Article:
Last Tuesday I decided to have lunch west of here at the Chinese buffet and as soon as I walked in I saw the wise old man seated in a corner. He motioned for me to come join him. I did and ordered a pot of hot tea and asked, “Sir, do you want anything else from the buffet.” He said he was good with his plate of mushrooms, broccoli and fruit, so I went on through the line.
When I returned, I saw that he was eating slowly and meditatively, with chopsticks. “Were you ever in the Orient,” I asked. “Oh, yes, Dan. You can’t name many places on the globe where I have not been. This feast before us is not Oriental food. It bears little resemblance to the fine dishes one finds over there.”
“How long have you been out of Hillsboro Manor, sir?”
“I walked out a couple of months ago. Juanita and another nurse or CNA were trying to find a vein and couldn’t and they left the room to get help so I grabbed up some stuff and left through the window. Didn’t they call you?”
“No, sir. I assumed you were still over there. I know they had my number.”
“They probably called the law, or the social workers. Anyway, I got to feeling a lot better once I left that place. I had a buck or two, so I caught the bus to Dallas and I was staying in the homeless shelter over there. I think you showed up there once, huh?”
“Yes, during the tornado. That’s a nice place.”
“If that’s what you want to call nice. Anyway, Dan, I am doing a lot better and I am on my way to see Keats and Shelley down at the old home place. They are looking after things for me down there.”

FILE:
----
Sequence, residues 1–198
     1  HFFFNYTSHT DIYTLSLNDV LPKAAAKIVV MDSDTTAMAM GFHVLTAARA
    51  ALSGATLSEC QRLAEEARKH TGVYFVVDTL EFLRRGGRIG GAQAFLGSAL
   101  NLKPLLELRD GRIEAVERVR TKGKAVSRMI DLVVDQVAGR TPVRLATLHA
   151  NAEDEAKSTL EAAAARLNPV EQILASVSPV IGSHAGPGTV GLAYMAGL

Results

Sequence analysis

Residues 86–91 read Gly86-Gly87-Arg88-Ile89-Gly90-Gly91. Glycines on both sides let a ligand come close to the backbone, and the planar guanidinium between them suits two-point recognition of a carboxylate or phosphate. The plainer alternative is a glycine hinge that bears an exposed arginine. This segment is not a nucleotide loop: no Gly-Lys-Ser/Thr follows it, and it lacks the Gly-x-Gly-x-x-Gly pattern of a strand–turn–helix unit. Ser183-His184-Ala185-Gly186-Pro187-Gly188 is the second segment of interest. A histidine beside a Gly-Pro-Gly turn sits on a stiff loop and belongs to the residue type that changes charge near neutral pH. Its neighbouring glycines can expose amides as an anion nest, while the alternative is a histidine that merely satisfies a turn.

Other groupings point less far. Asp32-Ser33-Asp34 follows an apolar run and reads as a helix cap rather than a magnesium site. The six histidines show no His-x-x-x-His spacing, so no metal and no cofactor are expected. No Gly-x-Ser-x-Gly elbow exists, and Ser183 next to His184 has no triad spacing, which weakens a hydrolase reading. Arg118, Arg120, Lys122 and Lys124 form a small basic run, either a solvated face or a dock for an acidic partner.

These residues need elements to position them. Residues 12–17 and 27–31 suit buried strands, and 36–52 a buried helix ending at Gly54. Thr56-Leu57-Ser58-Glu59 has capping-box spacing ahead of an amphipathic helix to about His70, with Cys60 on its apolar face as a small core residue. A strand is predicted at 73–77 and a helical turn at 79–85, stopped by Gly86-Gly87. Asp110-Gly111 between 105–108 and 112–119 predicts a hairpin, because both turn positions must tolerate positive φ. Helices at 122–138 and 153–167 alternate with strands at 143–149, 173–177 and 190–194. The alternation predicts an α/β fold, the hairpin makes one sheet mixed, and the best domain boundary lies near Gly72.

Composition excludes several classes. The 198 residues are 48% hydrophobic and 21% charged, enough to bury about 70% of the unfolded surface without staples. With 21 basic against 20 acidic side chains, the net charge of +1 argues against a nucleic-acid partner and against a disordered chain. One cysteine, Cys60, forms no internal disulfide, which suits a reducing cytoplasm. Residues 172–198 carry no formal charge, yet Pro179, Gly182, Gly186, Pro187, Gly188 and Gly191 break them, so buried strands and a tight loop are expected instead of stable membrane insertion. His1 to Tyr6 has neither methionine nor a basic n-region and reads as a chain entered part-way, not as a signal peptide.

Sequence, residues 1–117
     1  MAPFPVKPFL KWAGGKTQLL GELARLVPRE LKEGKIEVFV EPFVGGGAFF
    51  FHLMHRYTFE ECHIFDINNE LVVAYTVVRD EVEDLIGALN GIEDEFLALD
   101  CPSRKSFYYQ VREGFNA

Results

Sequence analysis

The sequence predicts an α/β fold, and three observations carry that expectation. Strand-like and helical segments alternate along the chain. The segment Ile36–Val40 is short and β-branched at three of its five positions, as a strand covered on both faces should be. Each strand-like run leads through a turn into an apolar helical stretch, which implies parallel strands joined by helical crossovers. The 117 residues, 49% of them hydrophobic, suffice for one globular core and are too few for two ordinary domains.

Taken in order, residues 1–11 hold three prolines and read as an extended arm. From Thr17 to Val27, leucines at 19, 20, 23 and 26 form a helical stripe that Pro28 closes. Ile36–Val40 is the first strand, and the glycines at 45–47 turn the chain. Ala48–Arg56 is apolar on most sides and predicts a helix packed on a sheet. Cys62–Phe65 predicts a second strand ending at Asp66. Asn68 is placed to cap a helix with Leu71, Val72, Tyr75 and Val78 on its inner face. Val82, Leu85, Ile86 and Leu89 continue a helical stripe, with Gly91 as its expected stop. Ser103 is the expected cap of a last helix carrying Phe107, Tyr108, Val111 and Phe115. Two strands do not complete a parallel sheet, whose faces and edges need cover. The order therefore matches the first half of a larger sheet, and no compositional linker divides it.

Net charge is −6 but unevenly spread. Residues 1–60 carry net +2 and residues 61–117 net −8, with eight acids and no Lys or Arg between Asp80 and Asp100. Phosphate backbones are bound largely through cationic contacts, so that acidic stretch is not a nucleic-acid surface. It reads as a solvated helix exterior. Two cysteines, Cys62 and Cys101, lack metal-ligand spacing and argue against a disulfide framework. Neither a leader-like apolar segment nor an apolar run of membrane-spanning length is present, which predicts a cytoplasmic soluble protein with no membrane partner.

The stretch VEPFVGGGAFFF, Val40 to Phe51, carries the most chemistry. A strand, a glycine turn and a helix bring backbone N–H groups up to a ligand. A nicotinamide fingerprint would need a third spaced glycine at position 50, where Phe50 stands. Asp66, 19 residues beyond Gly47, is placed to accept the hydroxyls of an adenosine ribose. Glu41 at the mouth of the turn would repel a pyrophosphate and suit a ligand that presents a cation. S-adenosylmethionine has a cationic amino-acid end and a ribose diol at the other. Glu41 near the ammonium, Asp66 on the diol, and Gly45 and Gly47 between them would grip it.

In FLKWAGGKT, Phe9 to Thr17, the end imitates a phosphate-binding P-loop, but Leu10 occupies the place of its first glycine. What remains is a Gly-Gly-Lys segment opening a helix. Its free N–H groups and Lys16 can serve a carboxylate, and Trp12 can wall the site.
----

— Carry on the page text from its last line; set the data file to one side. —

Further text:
“Yes. Oh, yeah, you met them. Nice boys and they are good hands on the place.” As the wise old man finished up his mushrooms, he said, “Now Dan, what I have learned in the past six months is a reconfirmation of something I already knew but denied: It is not about me. I mean every situation you are in that you think is about you—think again, it isn’t. That knowledge takes a load off, son.”
“What if it is something about reputation? What if people say things about you that are untrue?”
“Well, son, if it is a lie, it is about the liar, not about him or her who is lied about.”
“What if it hurts you financially, socially, relationally and so forth?”
“If a man takes your shirt, give him your jacket, too. If he damages your reputation, tell him to just keep talking. Turn the other cheek, you know. Dan, I don’t want to hear any more ‘what-ifs’ today. Just remember it is not about you. You are not the target. Can you give me a ride to the fairgrounds? I’m meeting a lady at the pavilion.”
I gave him a ride.